P:O.V. No.9 - Two Recent Short Fiction Films, THE SHEEP THIEF

The Sheep Thief

Tue Sand Larsen and Claus Toft-Nielsen


The protagonist in The Sheep Thief is caught in the act of stealing a sheep, is branded on the forehead and expelled from society. The film is centred around his subsequent struggle to achieve social acceptance and recognition, and it largely obeys the laws and design of classical narration as it portrays the young Indian boy’s efforts and eventuallyhis final fall. With a plot that easily summarised it is evident that The Sheep Thief doesn’t invest its 23 minutes in a complex narrative structure. Hence the question arises as to how time is spent in this production.

Aesthetic devices: To conjure up the mythic in time

An answer to the question posed is most likely to be found in the film’s style. The Sheep Thief is marked by a lingering mood, a considerable slowness in its posing of tableaus and a constant aesthetic retardation in its narrative development. Far from "just" supporting the protagonist’s line of action, the pictures seem to have a life of their own: they are visually meticulously composed and strikingly rich in colours. The pictures leave their spectator with a sensual impression, which is further heightened by the metonymic pars-pro-toto style of the film. Instead of long shots, the spectator is continuously presented with close-ups focusing on everyday artefacts. Composition, colours and light ensure that a rice-bowl, for instance, is lifted out of its everyday-use context and transformed into a motif – an aesthetic category.

However, the artefacts in The Sheep Thief are not completely detached from a realistic universe. The spectator does not witness a process of de-realisation by aesthetic means. What he does witness, however, is how the film’s stylistic emphasis throws objects into the foreground, thereby giving them additional meaning. They open a door to a mythic plane which coexists alongside the realistic one. Therefore the universe of The Sheep Thief is not a uniform, prosaic one. It is, on the contrary, a world charged with meaning and connectedness. Following this line of argument, to be rightfully understood, the artefacts in the film should be interpreted as mediating symbols: present in realistic space, referring to a mythic reality.

The symbols chosen by the film are rather conventional ones and since they are so powerfully and explicitly exposed, they can seem almost naive in character. The tree, for instance, represents a mediating figure. It connects upper and lower, earth and sky, reality and myth and is altogether a category of the in-between. It is through the tree that the outcast protagonist is first given an opportunity to re-enter the social world as he is allowed into the working community of the family gathering fruit for the market. Through the tree, upper and lower social co-ordinates are levelled and the symbolic value is to a large extent emphasised by the film’s choices of stylistic means: via POV-shots going upwards from below the tree combined with POV-shoots going downwards from the crown of the tree, the spectator is given access to both upper and lower planes. The camera angles thus help define the tree as a unifying symbol and the exact same effect is accomplished by several long shots in the film, where trees are placed in the mise-en-scene so that earth and skyline meet at their trunks.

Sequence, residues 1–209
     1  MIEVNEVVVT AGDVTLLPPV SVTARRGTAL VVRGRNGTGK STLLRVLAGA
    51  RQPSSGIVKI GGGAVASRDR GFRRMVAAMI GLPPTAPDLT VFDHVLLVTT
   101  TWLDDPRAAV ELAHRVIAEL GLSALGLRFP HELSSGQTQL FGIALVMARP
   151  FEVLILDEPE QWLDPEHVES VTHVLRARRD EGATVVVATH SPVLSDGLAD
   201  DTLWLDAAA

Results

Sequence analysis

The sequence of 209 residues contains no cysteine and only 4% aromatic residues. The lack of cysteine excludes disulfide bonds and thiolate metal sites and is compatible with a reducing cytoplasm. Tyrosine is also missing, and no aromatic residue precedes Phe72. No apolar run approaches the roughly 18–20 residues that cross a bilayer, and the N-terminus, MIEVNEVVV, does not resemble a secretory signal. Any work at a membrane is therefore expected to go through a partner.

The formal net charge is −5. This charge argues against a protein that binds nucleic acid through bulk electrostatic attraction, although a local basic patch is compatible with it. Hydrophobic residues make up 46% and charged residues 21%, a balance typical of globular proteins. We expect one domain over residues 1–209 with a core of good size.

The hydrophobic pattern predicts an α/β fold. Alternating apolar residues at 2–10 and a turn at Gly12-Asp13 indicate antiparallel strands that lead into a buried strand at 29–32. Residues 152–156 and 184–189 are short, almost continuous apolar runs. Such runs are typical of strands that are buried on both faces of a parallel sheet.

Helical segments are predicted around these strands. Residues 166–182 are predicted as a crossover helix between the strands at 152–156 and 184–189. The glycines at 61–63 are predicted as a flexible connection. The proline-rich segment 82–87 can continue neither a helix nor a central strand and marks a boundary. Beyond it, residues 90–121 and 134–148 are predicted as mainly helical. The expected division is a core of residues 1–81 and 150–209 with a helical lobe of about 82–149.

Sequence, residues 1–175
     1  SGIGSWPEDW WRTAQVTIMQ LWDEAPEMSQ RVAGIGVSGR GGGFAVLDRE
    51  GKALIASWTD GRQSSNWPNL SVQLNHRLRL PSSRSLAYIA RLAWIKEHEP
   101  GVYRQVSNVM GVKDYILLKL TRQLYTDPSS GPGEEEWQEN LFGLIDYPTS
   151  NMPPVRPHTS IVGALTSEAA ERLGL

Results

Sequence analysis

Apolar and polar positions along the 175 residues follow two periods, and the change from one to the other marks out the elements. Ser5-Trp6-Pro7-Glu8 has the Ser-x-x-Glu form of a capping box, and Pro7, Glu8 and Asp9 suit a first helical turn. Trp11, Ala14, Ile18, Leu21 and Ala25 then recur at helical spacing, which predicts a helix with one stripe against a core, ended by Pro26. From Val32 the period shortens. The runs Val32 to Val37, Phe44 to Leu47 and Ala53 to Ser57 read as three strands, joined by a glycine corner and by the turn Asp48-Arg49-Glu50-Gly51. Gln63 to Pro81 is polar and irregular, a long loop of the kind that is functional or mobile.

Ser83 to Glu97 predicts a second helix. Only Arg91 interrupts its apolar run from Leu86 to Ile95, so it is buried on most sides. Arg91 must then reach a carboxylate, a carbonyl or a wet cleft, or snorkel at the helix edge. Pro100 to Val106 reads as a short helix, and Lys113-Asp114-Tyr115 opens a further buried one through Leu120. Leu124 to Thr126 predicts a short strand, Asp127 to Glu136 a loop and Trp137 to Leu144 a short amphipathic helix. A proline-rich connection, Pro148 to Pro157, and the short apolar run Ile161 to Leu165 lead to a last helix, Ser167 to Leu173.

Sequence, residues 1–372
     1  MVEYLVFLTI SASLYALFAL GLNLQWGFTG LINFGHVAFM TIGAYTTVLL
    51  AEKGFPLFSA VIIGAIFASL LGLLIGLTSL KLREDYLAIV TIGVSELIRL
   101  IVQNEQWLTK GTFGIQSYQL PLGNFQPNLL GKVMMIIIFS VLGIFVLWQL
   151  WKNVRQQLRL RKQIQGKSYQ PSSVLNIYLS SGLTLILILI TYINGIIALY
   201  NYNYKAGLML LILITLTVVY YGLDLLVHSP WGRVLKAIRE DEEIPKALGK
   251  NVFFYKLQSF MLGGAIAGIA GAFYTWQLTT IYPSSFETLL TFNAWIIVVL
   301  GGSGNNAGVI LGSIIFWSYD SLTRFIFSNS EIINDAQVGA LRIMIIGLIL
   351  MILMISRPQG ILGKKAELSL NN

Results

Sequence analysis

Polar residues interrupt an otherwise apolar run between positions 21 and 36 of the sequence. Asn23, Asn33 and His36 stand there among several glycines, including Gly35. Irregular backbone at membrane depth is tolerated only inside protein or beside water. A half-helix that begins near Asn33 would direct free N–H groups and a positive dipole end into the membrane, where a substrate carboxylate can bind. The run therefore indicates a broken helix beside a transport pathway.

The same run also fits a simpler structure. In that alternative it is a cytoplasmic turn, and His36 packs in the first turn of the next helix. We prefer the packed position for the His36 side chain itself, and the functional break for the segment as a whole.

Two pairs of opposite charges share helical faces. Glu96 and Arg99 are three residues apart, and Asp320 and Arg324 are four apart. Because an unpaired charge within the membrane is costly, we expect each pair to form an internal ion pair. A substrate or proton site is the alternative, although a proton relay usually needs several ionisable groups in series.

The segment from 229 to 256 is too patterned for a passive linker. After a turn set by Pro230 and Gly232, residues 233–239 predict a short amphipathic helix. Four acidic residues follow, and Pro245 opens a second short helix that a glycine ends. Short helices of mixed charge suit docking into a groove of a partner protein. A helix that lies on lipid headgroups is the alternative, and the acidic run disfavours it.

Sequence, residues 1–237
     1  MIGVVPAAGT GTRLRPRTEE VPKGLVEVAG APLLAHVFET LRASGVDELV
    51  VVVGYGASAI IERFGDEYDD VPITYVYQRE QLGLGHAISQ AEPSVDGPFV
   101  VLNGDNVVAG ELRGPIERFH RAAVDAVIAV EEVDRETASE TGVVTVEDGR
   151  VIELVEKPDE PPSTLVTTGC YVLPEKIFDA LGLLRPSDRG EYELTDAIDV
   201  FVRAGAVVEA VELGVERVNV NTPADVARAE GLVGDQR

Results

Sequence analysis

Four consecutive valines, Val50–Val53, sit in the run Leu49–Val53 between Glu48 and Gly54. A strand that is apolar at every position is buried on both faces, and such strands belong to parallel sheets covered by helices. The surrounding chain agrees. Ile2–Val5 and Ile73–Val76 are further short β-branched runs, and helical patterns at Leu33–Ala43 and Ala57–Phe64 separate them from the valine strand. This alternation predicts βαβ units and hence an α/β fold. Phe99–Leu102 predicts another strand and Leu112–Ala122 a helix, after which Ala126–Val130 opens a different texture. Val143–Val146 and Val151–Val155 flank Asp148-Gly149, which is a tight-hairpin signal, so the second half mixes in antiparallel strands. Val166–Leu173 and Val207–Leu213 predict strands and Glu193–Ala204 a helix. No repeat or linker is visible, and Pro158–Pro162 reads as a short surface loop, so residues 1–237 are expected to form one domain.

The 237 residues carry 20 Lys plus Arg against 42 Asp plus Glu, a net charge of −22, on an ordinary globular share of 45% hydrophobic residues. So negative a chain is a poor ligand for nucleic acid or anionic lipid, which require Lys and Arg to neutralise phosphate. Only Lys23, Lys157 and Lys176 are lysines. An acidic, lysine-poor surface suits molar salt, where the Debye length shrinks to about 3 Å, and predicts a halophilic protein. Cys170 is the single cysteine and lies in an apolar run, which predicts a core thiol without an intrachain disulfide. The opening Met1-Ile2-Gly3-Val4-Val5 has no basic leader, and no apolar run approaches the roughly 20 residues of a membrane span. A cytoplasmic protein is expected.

A less well-defined but still well-known symbol is the water. At the beginning of the film, the protagonist lies in the middle of a desert, unable to move and suffering from thirst, exhaustion and pain from the branding. Suddenly water pours down from the sky. He rises and begins his Odyssey. Rain pushes the action forward from ’point zero’ and invests the story with epic drive. It brings about narrative fertility and the connection between rain, movement and even life is further accentuated by the aesthetics of this particular scene in which the long-shot is superseded by an ultra close-up. Thus, as desert sand and water meet, the spectator is given an impression of heavy movement and an experience of the entire frame almost coming to life. Furthermore, the cutting is accelerated in the sequences following the rainfall, which is particularly noticeable since it makes these sequences stand out from the lingering pace of the rest of the film. Besides representing life and movement, water, just like the trees, represents merging and transgression. Just as it couples earth and sky, it connects the protagonist to the boys in the family that adopts him. Therefore it is no surprise that the film presents the meeting between water and tree in a visually potent scene, where bark is cut open by the protagonist and golden resin pours down the trunk.[1]